The Steelers slip to 7-5 certainly did create a buzz, but it is the off the field issues which give the Watch Tower its material, highlighting the divide between the old and new press.
As any Pittsburgh resident can tell you, stories about Ben Roethlisberger’s generate attention. Traffic on Post-Gazette.com the day of Roethlisberger’s motorcycle accident exceeded that of Super Bowl XL.
- The slightest hint of a Roethlisberger injury is enough to prompt the local news to interrupt programing to preview a story about the signal callers issues with hang nails.
So the Bleacher Report made news with their sport medicine writer Will Carroll broke the story that Ben Roethlisberger had in fact broken an bone in his wrist in the loss to the Saints. The fact that he was held out of practice only seemed to add credence.
- All of which provides a window into how press coverage of the Steelers works.
Yours truly learned of the news during a quick scan of Behind the Steel Curtain (full disclosure, I also write for BTSC on occasion.) Site editor Neal Coolong wrote a quick article referencing the story, and then publishing a tweet from Steelers Digest editor Bob Labriola.
Publishing such an article makes sound business sense, even if, on this occasion, Coolong (who does have sources on the South Side) did not have any new information to add. Any report of a Roethlisberger injury is going to generate Google searches, and a big part of the SB Nation business model is to capture those.
- Interestingly enough, the BTSC article was titled: Ben Roethlisberger injury: Steelers QB didn’t practice Wednesday but it wasn’t injury-related.
Leading with the key word “Roethlisberger injury” both in the title and the URL kind of reminds you of the Kevin Nealon Saturday Night Live character, “Mr. Subliminal,” but the Watch Tower can’t quite bring itself to criticize our esteemed colleague and friend, as both moves represented smart business decisions, even if journalism purists might demure.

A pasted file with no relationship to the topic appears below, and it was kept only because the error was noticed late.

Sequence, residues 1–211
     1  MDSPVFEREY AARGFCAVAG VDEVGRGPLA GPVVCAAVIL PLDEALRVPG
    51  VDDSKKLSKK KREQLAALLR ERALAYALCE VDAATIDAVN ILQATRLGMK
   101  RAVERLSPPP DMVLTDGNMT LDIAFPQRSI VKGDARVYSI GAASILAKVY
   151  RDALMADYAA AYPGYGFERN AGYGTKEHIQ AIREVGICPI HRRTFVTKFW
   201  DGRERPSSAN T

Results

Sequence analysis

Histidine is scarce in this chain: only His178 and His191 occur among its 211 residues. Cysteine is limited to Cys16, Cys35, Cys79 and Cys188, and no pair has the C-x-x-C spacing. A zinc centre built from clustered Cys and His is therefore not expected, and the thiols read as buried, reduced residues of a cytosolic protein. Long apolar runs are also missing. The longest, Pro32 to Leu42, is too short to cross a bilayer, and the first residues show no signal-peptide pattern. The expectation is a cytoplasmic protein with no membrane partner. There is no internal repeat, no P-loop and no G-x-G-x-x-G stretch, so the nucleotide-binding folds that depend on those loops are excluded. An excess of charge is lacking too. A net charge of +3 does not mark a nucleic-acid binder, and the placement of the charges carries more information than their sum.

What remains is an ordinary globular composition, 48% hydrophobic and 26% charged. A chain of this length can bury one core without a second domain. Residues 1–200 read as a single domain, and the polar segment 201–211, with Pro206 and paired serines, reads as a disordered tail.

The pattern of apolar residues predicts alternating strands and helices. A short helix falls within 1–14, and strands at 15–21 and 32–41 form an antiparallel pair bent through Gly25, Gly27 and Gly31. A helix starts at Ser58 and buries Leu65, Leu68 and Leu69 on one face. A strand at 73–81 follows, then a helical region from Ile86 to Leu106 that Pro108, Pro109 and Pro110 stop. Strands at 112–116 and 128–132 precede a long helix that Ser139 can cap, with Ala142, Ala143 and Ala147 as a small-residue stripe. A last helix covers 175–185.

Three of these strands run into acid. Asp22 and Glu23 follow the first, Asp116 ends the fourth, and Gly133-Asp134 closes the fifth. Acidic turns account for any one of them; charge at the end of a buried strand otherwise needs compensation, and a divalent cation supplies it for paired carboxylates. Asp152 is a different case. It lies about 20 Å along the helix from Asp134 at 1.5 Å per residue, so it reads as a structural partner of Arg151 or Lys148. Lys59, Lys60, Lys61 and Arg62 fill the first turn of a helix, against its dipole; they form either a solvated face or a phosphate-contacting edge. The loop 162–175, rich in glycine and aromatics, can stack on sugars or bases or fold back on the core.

The traditional press quickly attacked the report.
Ben Roethlisberger just told me: "There is absolutely nothing wrong with my wrist.'' Disputed a report that he has a broken bone in wrist.
— Ed Bouchette (@EdBouchette) December 3, 2014
Bouchette’s tweet was backed by a story with quotes from Roethlisberger himself. Dale Lolley slammed the report too, comparing it to the Roethlisberger trade rumors of a year ago (something which the Watch Tower unfortunately never had a chance to cover….), and citing multiple sources in the organization which discredited it.
At the end of the day, it looked to be much to do about nothing. But it does show the power that one reporter with a national media outlet has to set the Steelers news cycle for least for a day.
Blount’s Departure Revisited
The previous edition of the Watch Tower discussed how coverage of LeGarrette Blount’s going AWOL at the end of the Titan’s game drew contrasting coverage from Steelers beat writers, with Ed Bouchette effectively signaling is departure.
- The story thickened when Blount was quickly signed by the New England Patriots.
The quickness of the move raised eyebrows. Dale Lolley was one of the first in the Steelers press corps to address the issue sharing:
Some people within the Steelers organization feel that Blount made a calculated move by leaving the field prior to the end of regulation in the team’s 27-24 win over Tennessee Monday night because he wanted out of Pittsburgh.
Lolley also made it clear that he doesn’t buy into such reports. Ed Bouchette of the Post-Gazette also weighed in on the issue, issuing the following tweet:
On the Steelers: Twist in Blount's career raises a suspicious eyebrow http://t.co/7fZHbUlvua via @pittsburghpg
— Ed Bouchette (@EdBouchette) November 23, 2014
The tweet was backed up by a story. Bouchette did not cite any indirect sources the way Lolley did, but he did explore the hypothetical ways in which Blount and the Patriots could have colluded to secure his release. (He also chided the Steelers for not doing more to punish Blount.)
From a media analysis stand point these stories tell us a number of things:
1. There are people in the Steelers organization who at least suspect that Bill Belichick under handed ways at work
2. This kind of thing is plausible
Bouchette made a point of telling his readers that contact between players and opposing teams happens all of the time. Agents do it all the time, and often times let reporters in on the story.
Assuming Le’Veon stays healthy for the balance of the season (God willing) this is a story that will die, but it’s interesting to discuss in the here and now.